breath cycle, and averaged over the 20 breaths. It usually took 4–6 hours per patient to edit and analyze the data.

Statistical Analysis

Statistics were performed by a biostatistician (TN). A power calculation was not performed ahead of the study,

since this was a pilot study intended mainly to test the fea-sibility and accuracy of automatic wheeze and crackle quantification in a population of very young infants, not intended to replace the clinical score, and with response to treatment being secondary.

Demographic and clinical history variables, numerical and categorical, were analyzed by Student t-test for inde-pendent samples and Fisher exact test, respectively. Clini-cal score and recorded acoustic breath sounds variables were analyzed by non-parametric tests: Mann-Whitney U test was used to compare between the groups, while Wil-coxon signed rank test was used to compare within-group differences over time. Relationship between clinical score and crackle or wheeze counts, was tested by Spearman correlation. P < 0.05 was considered as statistically signif-icant.


Over the study period 87 patients with bronchiolitis were seen in the emergency department. Excluded were: 21 patients younger than 8 weeks, 22 seen on off hours when investigators were unavailable, 12 with other significant concurrent illnesses and 5 whose parents refused. Twenty-seven infants whose parents signed an informed consent (mean age 4.4 ± 0.8 months) were recruited, 12 received epinephrine and 15 albuterol. The groups were well bal-anced in terms of demographic and clinical parameters (Table 2). Pre-study treatment with either inhaled bron-chodilators or corticosteroids was not different in the two groups.

Even though the crackle counter was not validated as part of this study, there was complete agreement between cli-nician and PulmoTrac results in all sound segments, in off-line auditory analysis of the data. No significant differ-ence in wheezing and crackles by computerized lung

Table 2: Demographic and clinical data of the sudy's 27 infants with RSV bronchiolitis.

Study Epinephrine Albuterol

Number 12 15

Age(months) 4.9 ± 0.8 4 ± 1.35 Gender(F/M) 4/8 4/11 Maternal smoking 5 7 Asthma in family 3 5 Atopy in family 3 2 Respiratory distress (days) 2.5 ± 0.48 2.2 ± 0.29 Poor feeding (days) 1.75 ± 0.44 2.2 ± 0.29 Fever (days) 1.41 ± 0.46 1.4 ± 0.32 Inh.Bronchodilators 3 2 Inh. Corticosteroids 1 1 Oral Corticosteroid 3 2


sounds analysis was found between or within the groups prior to, 10 minutes post and 30 minutes post treatment. There was no significant change in objective quantifica-tion of wheezes and crackles between the groups or in the total clinical scores. Examples of acoustic wheeze detec-tion in sonogram mode are shown in Figures 1, 2, 3. Fig-ure 1 shows no response to albuterol, figFig-ure 2 demonstrates dramatic response to epinephrine with dis-appearance of wheezing, while figure 3 shows transient response with rebound wheezing at 30 minutes. Total clinical score and acoustic results for both treatment groups are summarized in Table 3.

Similar to the lung sounds, the total clinical score also did not differ significantly within or between the groups prior to, 10 minutes post and 30 minutes post treatment. In individual parameter analysis, a significant difference in favor of epinephrine was seen at 10 minutes in respiratory rate (p < 0.04), and at 30 minutes in heart rate (p < 0.02). There was no difference in oxygen saturation or respira-tory distress score.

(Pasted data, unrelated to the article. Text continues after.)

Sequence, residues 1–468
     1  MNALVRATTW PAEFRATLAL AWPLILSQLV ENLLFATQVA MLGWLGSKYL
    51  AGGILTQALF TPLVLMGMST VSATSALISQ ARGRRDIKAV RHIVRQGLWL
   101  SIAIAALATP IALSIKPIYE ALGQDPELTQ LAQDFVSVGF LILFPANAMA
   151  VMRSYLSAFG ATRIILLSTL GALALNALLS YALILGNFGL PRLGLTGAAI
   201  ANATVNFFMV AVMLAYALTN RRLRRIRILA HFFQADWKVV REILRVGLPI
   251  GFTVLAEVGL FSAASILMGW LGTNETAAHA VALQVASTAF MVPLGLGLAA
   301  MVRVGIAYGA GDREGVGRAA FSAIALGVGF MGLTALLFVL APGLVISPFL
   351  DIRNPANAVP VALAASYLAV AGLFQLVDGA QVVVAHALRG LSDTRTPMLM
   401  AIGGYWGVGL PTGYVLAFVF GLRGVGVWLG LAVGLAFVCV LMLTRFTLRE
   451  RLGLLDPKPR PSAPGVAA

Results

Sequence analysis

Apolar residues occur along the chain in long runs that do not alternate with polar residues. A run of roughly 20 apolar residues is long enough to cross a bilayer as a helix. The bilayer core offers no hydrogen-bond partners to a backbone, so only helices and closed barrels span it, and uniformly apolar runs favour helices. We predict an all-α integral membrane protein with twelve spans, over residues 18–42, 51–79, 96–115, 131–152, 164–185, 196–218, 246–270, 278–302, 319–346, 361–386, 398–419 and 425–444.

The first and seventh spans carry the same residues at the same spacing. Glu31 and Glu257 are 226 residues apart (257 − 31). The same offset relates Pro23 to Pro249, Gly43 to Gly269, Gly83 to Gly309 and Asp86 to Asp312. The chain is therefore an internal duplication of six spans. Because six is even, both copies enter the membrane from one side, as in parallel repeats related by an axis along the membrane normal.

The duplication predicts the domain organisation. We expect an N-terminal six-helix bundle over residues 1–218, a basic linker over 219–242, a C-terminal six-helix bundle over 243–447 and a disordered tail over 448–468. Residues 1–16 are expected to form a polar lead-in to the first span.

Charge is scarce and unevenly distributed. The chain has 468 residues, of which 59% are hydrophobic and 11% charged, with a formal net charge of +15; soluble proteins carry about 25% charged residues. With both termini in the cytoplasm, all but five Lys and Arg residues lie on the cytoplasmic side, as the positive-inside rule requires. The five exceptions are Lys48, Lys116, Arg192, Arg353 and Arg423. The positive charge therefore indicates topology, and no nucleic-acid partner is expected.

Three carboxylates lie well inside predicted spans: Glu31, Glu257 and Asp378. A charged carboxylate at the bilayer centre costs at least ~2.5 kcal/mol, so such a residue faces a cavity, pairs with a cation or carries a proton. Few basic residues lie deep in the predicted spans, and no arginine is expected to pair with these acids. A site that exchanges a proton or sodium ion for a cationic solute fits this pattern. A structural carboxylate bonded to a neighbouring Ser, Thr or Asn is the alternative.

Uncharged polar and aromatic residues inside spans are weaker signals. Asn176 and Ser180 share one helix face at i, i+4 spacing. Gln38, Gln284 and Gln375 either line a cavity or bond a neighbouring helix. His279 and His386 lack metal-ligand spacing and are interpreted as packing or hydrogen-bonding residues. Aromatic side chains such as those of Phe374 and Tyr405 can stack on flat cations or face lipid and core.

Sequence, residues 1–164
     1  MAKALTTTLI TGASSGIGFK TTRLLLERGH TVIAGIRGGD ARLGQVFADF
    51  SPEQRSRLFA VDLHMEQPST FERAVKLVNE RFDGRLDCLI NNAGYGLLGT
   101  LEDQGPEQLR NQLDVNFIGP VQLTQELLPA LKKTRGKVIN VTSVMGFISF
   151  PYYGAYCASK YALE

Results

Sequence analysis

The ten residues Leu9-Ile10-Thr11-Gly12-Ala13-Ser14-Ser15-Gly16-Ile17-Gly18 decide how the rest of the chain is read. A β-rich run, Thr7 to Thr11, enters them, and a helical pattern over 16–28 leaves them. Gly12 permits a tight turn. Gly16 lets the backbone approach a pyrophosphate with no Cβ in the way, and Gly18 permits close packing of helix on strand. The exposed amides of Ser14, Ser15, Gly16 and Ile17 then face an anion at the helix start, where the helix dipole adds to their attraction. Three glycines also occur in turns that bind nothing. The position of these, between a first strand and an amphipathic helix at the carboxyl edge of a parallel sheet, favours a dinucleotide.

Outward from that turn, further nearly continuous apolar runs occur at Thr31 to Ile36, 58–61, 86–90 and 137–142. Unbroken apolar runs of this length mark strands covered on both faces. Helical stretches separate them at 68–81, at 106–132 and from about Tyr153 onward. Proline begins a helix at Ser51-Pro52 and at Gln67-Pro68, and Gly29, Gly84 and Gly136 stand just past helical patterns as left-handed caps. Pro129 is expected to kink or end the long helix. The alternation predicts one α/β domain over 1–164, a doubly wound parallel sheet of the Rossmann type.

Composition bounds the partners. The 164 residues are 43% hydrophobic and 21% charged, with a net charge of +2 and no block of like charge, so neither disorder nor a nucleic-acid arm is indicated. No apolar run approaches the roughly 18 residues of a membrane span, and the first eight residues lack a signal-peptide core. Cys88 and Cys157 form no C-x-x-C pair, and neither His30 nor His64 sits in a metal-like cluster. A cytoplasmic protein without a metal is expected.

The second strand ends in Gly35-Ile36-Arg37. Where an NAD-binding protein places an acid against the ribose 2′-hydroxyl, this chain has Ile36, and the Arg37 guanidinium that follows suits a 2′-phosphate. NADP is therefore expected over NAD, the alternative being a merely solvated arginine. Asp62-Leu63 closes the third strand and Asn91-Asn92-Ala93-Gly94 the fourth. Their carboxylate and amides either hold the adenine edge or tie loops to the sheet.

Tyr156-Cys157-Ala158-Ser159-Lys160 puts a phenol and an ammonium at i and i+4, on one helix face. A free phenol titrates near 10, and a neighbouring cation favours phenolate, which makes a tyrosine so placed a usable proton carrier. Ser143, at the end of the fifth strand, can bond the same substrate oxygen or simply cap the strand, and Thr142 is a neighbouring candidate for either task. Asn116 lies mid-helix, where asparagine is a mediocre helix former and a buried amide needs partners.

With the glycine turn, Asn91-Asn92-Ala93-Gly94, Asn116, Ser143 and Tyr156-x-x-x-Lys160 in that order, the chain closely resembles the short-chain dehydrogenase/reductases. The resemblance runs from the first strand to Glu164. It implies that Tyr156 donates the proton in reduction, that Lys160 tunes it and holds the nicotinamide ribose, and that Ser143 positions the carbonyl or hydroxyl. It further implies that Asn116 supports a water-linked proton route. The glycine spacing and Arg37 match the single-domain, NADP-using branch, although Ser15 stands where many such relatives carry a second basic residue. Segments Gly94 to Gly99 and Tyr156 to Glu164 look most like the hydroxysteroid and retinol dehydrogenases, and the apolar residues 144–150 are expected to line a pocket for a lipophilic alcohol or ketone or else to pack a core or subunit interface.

This pilot study evaluated the use of computerized wheeze and crackle quantification in assessing the acute response to either nebulized albuterol or epinephrine in infants with RSV-positive bronchiolitis. Although RSV Bronchi-olitis is the most common cause of hospitalization for res-piratory infection in infants, its therapy remains controversial. Therefore, objective measures for assessing response to treatment in RSV bronchiolitis are needed.

Modern computerized acoustic lung sounds analysis tech-nology now allow on-line quantification of wheezing and crackles, providing another objective tool for assessment of disease activity in infants with bronchiolitis. In this study, we demonstrated the feasibility of performing accu-rate objective acoustic measurements in assessing acute respiratory symptoms in young infants and the changes that occur with treatment. Further studies are needed to clarify its potential role as a clinical tool for assessing and following infants with acute respiratory illnesses.

The possible effectiveness of nebulized epinephrine for bronchiolitis, by reducing airway edema, was proposed 25 years ago [28] by Wohl and Chernick. Since then, many studies have evaluated the effect of nebulized epine-phrine vs. albuterol and/or placebo in infants with bron-chiolitis. While some reported an improved effect of epinephrine, others showed no, or even deleterious, effect [14-20]. Overall, it is difficult to compare the various stud-ies, due to their different dose schedules, populations and outcome measures. The recent Cochrane Review on the use of bronchodilators in bronchiolitis [29] concluded that there is no strong evidence for their benefit, either

Sonogram of subject treated with albuterol, showing no response

Figure 1

Sonogram of subject treated with albuterol, showing no response.